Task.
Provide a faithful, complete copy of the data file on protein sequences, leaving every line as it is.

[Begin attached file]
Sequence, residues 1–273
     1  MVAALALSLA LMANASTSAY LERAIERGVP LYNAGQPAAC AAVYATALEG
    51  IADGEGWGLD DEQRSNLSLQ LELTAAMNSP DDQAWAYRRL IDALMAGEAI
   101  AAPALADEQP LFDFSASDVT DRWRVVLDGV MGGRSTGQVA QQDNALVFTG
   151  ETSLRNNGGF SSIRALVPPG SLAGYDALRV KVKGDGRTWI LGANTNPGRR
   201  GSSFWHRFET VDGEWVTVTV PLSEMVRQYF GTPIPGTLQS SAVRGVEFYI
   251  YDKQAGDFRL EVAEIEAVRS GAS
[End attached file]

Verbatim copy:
Sequence, residues 1–273
     1  MVAALALSLA LMANASTSAY LERAIERGVP LYNAGQPAAC AAVYATALEG
    51  IADGEGWGLD DEQRSNLSLQ LELTAAMNSP DDQAWAYRRL IDALMAGEAI
   101  AAPALADEQP LFDFSASDVT DRWRVVLDGV MGGRSTGQVA QQDNALVFTG
   151  ETSLRNNGGF SSIRALVPPG SLAGYDALRV KVKGDGRTWI LGANTNPGRR
   201  GSSFWHRFET VDGEWVTVTV PLSEMVRQYF GTPIPGTLQS SAVRGVEFYI
   251  YDKQAGDFRL EVAEIEAVRS GAS